The pandemic has given B2B marketing leaders a golden opportunity to rethink the culture of their marketing teams. Rather than worrying about how to recover, B2B marketers should be thinking about how to get stronger.
Culture change takes time, but one of the best ways to start is by integrating new steps into your employees' professional development plans. After all, you are what you measure: Campbell's Law posits that if a raise or corresponding value judgement is solely dependent on meeting a sales quota, employees will sacrifice their other job responsibilities—team management, skill development, and so on—to meet that quota.
If you integrate innovation into development plans, and subsequently into employees' annual reviews, you can start holding them (and yourself) accountable for the changes you want to make. The metrics that make a successful employee must start including behaviors you want to see; otherwise, your teams will treat culture change as "nice to have" instead of a necessary focus.
That said, telling your employees to "be more innovative" or "take more risks in your work" isn't helpful. Instead, create professional development goals that are specific, attainable, and measurable, and then provide detailed recommendations that are time-bound and actionable.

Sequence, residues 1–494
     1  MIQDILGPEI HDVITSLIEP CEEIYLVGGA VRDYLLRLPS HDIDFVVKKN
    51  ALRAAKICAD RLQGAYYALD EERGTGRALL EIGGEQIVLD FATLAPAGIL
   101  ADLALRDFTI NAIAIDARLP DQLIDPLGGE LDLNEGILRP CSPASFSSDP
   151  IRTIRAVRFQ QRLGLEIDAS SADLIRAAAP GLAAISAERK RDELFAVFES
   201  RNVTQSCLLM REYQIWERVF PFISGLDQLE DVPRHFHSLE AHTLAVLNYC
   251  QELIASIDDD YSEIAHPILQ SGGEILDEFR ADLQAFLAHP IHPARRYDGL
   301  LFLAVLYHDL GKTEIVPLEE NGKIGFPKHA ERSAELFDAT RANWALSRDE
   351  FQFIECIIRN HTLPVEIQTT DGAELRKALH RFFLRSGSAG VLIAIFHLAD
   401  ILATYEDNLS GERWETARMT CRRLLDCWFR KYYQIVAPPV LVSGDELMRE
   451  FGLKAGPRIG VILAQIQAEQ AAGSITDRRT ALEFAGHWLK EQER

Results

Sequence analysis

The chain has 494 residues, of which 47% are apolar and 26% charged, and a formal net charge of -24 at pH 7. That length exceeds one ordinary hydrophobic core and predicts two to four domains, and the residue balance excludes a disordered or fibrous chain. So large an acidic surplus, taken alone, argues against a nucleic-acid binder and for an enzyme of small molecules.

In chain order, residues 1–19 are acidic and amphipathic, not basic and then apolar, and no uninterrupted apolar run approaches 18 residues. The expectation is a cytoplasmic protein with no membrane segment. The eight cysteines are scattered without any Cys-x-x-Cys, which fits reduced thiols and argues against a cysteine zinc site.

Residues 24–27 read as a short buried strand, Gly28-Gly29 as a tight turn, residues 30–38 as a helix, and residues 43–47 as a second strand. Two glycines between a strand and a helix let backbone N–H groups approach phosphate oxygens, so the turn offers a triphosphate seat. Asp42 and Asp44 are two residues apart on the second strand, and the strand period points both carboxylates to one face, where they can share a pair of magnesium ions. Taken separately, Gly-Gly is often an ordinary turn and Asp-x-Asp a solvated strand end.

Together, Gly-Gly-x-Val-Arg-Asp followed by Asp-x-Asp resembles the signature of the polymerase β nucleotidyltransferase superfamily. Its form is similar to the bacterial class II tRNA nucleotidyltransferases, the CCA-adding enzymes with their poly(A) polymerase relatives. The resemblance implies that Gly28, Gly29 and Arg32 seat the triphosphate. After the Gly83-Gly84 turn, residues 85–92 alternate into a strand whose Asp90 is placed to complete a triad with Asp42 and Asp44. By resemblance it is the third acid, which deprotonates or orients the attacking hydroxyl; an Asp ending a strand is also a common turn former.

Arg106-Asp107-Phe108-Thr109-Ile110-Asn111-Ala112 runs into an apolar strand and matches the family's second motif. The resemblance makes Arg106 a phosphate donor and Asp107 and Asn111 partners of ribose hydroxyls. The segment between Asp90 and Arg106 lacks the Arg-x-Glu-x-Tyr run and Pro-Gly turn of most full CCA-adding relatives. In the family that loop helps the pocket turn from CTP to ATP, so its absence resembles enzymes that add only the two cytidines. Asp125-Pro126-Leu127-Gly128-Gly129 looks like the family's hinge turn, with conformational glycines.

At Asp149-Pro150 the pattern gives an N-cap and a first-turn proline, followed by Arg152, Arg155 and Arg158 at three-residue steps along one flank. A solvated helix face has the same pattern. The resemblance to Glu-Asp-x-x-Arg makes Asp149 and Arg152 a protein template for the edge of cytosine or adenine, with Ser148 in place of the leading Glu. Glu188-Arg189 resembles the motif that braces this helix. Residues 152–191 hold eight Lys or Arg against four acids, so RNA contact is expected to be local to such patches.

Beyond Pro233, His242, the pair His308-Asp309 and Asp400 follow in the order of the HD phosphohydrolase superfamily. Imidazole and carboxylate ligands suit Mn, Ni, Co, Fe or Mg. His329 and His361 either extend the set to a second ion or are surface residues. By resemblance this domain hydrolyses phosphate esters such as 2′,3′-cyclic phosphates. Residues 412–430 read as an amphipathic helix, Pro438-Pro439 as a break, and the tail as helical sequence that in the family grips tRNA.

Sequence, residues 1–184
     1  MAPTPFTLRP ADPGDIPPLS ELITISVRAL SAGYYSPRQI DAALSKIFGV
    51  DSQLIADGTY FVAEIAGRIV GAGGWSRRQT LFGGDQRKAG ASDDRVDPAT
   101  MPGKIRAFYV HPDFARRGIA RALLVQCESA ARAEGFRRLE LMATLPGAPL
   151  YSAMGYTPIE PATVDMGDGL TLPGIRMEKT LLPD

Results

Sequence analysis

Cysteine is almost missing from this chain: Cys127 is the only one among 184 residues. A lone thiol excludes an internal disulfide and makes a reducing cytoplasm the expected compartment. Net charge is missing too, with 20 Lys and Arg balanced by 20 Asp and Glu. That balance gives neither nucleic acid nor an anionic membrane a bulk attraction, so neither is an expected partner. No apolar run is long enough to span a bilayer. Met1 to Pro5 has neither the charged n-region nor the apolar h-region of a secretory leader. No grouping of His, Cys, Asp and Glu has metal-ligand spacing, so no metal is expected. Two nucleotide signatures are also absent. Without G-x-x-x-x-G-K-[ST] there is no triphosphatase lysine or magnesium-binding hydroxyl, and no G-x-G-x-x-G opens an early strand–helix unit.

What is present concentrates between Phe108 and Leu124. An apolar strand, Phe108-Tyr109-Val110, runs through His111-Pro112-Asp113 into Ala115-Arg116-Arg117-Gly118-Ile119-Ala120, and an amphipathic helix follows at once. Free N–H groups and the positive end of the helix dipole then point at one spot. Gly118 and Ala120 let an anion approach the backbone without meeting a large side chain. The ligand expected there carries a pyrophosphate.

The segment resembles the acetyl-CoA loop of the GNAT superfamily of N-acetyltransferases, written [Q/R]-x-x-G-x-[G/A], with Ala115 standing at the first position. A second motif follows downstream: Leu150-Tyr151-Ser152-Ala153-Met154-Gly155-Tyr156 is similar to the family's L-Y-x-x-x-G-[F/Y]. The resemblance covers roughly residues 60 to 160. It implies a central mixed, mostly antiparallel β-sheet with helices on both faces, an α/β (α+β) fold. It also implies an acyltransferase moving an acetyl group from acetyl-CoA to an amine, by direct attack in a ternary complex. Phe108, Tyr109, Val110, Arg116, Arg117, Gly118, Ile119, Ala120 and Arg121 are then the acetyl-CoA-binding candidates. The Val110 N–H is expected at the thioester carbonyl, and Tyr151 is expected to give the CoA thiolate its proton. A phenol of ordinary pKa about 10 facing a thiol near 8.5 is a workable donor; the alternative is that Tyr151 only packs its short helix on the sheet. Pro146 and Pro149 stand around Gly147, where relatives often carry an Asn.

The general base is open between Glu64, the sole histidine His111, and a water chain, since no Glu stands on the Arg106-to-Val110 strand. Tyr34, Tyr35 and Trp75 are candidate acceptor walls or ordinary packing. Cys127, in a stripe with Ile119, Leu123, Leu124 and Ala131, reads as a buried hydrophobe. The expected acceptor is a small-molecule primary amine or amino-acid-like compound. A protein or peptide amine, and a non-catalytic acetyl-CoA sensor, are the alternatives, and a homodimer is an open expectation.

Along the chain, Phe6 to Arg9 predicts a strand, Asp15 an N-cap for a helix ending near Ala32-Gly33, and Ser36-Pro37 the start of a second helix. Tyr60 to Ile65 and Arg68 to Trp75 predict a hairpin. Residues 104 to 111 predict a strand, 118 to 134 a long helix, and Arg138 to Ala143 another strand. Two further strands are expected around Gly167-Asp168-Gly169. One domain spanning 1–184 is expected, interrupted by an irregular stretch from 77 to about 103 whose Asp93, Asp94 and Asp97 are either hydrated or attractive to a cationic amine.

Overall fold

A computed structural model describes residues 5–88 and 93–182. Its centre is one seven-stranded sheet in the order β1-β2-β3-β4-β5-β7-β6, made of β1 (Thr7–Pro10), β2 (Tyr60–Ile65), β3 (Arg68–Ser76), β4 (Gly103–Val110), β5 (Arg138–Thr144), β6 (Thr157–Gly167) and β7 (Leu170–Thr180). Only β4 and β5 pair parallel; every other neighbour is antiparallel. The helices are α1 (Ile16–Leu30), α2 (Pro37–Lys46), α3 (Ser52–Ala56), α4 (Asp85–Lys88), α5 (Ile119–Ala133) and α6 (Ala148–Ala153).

Use the pandemic as an opportunity to assess your professional development plans, for both yourself and your teams. Start with these questions:
- Do you have a development plan? Do your employees? When was it last updated?
- What are your strengths and weaknesses?
- What are your career goals? This year? Over the next 3-5 years?
- What do you need to accomplish those goals? From yourself? From your team? From your boss? From the organization?
- When was the last time you spoke with your team members about their personal career goals?
- Do you have a plan for how to help them achieve those goals?
- Do you hold them accountable for meeting their goals?
- When was the last time you went down on the factory floor to better understand the complexities of your product manufacturing?
- Do you monitor industry associations and know what the latest trends are?
- Have you shadowed your sales force to truly hear the voice of your customers and understand their needs and what they are looking for?
Once you've assessed the current situation, start creating plans that will form the foundation for a more innovative and effective marketing communications department—one that will attract, develop, and retain innovative employees.